Intensive Course Offered to Students of St. Nersess and Holy Etchmiadzin
This semester and for the first time, St. Nersess Armenian Seminary used the “Intensive Week,” March 22-25, to host a virtual five-session course for students of St. Nersess and Gevorkian Seminary of Holy Etchmiadzin. The course, entitled “The Psalms in the Armenian Church Tradition,” was comprised of four lectures offered by faculty of both institutions. Gevorkian seminarians with a concentration in liturgical theology, together with students and recent graduates of St. Nersess, attended by Zoom. The course was conducted in Eastern Armenian, Western Armenian, and English with simultaneous translation as necessary.
When the Rev. Fr. Mardiros Chevian, dean, proposed the joint course idea to the Very Rev. Fr. Mesrop Parsamyan, dean of the Gevorkian Seminary of Holy Etchmiadzin, and their faculty, they shared his excitement at the prospect of such a collaboration. The Rev. Fr. Davit Karamyan, Coordinator of the St. Nersess the Great Program for Late Vocations and Instructor of Modern & Classical Armenian, organized and moderated the sessions.
The Very Rev. Fr. Shahe Ananian, Chairman of the Department of Theology at the Gevorkian Seminary and Director of Ecumenical Relations for the Holy See of Etchmiadzin, presented the first lecture, “The Book of Psalms in the Prayerbook of St. Gregory of Narek.” As Hayr Shahe commented, “The Book of Lamentation by St. Gregory of Narek, as a work of spirituality and meditation within the traditional monastic framework, derives much of its rich biblical imagery from the Psalms. Thus the Psalms are a foundational element of Armenian spirituality.”
Presented by His Grace Bishop Daniel Findikyan, Primate of the Eastern Diocese and former dean and current professor of liturgical studies of St. Nersess Seminary, the second session was devoted to “The Psalms in theSongs of the Hours (ժամերգութիւն) of the Armenian Church.” As Daniel Srpazan stressed throughout, “The Psalms constitute the ancient core, the structural backbone, and the spiritual heart of the ժամերգութիւն, even if their use in recent times has been reduced to a mere trace of what it once was. The Psalms are used in various and creative ways in the Daily Hours. This was true in both monastic and cathedral worship.” Thus, he added, one of many liturgical questions facing the Church today is, “to what degree might it be possible to regain this focus on the Psalms in the present day?”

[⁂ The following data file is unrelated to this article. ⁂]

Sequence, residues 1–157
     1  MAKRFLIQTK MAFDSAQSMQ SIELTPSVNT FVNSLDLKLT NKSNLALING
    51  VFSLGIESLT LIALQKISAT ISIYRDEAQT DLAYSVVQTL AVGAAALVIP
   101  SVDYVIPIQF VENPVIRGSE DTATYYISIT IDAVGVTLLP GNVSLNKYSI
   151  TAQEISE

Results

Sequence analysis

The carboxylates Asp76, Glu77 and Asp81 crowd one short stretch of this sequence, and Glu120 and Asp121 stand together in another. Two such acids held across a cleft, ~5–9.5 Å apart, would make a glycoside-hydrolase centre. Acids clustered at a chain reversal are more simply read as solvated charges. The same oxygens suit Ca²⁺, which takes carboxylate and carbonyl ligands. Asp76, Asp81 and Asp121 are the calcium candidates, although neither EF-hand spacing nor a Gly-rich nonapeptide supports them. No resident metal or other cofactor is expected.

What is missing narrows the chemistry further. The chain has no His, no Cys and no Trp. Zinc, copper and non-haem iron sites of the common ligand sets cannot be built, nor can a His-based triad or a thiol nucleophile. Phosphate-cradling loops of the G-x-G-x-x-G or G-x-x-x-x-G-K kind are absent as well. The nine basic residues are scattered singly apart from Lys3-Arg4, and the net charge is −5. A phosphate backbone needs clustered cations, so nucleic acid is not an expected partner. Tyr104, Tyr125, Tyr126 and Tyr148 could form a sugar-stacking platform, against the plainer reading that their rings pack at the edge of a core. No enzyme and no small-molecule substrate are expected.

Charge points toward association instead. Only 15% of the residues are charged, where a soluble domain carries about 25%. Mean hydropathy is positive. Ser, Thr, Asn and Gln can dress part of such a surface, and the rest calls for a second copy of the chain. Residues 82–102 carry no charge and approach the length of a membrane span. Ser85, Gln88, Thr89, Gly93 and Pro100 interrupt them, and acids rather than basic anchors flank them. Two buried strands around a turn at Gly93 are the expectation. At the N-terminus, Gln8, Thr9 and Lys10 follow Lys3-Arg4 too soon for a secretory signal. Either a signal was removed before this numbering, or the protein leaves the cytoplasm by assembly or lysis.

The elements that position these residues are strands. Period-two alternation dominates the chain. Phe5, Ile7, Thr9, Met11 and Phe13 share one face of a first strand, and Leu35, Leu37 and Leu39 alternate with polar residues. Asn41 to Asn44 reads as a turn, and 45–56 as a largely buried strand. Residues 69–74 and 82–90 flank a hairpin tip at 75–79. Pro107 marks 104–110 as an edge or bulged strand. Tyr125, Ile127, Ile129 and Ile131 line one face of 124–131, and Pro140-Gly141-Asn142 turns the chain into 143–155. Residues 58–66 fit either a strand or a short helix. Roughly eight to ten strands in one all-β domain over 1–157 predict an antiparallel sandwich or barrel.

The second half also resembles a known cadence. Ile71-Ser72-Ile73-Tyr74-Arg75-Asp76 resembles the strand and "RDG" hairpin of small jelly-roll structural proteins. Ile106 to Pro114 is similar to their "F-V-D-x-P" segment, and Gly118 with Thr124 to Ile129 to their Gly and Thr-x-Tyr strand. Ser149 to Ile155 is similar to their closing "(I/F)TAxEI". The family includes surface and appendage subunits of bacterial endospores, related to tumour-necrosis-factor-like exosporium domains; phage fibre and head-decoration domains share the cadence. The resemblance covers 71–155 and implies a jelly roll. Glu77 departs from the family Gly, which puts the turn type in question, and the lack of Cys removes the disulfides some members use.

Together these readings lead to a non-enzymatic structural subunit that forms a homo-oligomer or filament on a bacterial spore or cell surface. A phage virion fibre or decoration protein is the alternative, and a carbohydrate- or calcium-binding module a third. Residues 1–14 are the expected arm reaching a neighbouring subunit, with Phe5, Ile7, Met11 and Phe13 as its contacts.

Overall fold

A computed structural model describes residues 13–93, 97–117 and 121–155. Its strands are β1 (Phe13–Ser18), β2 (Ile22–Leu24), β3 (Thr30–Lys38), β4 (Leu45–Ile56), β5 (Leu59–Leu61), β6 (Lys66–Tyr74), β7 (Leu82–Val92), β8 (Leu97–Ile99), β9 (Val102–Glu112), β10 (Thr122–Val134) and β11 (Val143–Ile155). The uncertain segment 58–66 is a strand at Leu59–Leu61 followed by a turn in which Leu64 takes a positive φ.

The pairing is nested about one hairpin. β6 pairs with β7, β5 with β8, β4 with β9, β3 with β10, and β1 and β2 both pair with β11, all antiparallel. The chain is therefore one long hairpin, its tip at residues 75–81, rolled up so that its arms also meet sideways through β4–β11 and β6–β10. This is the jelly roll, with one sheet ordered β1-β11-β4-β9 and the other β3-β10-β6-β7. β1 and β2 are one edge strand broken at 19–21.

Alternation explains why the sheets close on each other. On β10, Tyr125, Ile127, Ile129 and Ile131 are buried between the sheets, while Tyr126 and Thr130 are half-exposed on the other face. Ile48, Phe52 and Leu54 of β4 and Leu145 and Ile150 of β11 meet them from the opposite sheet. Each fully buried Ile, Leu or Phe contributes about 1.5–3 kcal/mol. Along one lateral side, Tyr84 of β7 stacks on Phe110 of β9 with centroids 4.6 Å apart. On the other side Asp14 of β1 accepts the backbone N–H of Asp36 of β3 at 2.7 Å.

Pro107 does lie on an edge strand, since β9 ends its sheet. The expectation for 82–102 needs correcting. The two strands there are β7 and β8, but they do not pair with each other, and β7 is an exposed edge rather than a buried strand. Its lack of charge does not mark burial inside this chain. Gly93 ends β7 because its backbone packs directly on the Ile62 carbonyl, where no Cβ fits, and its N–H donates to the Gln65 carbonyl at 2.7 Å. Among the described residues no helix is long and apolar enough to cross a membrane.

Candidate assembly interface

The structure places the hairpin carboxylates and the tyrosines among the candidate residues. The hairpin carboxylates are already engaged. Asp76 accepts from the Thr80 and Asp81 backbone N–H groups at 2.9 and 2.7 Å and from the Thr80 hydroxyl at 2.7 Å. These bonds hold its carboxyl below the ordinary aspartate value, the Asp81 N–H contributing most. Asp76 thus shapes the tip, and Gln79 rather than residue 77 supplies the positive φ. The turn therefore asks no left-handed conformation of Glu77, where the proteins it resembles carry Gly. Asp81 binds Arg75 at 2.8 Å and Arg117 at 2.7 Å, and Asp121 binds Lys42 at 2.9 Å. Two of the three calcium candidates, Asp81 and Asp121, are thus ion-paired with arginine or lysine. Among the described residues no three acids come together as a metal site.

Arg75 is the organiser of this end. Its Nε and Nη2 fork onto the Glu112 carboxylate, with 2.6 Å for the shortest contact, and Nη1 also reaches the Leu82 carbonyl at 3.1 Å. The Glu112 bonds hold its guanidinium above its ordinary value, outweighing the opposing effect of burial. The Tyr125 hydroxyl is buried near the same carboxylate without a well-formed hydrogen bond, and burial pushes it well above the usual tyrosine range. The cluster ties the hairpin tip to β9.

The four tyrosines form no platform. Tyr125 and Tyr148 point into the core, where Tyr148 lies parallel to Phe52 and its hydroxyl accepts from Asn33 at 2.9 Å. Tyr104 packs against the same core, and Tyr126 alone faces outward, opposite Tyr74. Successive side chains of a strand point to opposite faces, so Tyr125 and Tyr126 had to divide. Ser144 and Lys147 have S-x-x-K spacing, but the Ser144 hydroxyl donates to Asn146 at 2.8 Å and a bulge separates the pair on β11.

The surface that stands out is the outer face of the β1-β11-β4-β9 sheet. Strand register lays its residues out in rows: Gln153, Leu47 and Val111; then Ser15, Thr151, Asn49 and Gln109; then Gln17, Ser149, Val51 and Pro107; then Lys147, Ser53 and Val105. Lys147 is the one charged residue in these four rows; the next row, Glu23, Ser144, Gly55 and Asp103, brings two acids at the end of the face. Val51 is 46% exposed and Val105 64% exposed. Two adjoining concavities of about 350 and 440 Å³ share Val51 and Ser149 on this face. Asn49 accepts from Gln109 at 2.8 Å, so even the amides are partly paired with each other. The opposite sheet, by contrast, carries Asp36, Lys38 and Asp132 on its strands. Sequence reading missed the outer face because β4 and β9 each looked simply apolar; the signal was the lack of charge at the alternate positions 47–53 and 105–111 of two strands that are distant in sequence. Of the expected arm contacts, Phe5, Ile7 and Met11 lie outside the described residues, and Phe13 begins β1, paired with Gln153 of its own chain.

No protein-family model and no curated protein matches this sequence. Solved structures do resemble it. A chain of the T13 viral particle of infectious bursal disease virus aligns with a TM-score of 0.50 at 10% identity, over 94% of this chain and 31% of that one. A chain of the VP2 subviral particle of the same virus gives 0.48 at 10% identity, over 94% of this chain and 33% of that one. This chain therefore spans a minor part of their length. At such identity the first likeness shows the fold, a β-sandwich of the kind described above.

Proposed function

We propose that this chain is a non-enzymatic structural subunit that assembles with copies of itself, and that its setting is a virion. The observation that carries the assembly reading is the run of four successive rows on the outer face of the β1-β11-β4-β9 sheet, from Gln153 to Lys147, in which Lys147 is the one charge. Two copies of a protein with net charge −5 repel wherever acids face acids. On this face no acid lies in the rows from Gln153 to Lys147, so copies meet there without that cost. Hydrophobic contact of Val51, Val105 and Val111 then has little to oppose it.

“The Psalms and the Armenian Liturgy: A Liturgical-theological Analysis” was the subject of a thorough and well-organized presentation by the Very Rev. Fr. Husik Smbatyan, Head of Postgraduate Studies and Secretary of the Scientific Council at Gevorkian Theological Seminary, who recently returned from Austria after completing his doctorate in Liturgy. Hayr Husik traced the Psalms used specifically in the Divine Liturgy, their functions within the liturgy’s structure, and their pastoral significance for those present at the liturgy.
Wrapping up the presentation portion of the week, Dr. Roberta Ervine, Professor of Armenian Studies, and Dn. Yervant Kutchukian, Spiritual Director, spoke about “Daniel of Salah’s Commentary on Psalm 140: A Source for the Armenian Commentators.” Using the image of prayer as incense in Psalm 140:2, they compared and contrasted the thinking of the 6th century commentator Daniel and the 12th century writer Vardan, who used Daniel’s thought as a springboard for his own, showcasing how the Psalms continued to speak to different situations and minds across the centuries.
The final day of the course was opened up for a free discussion between students of the two seminaries, and between seminarians and lecturers. Both sides expressed hope that this first experimental meeting of minds will lead to further cooperation in the future.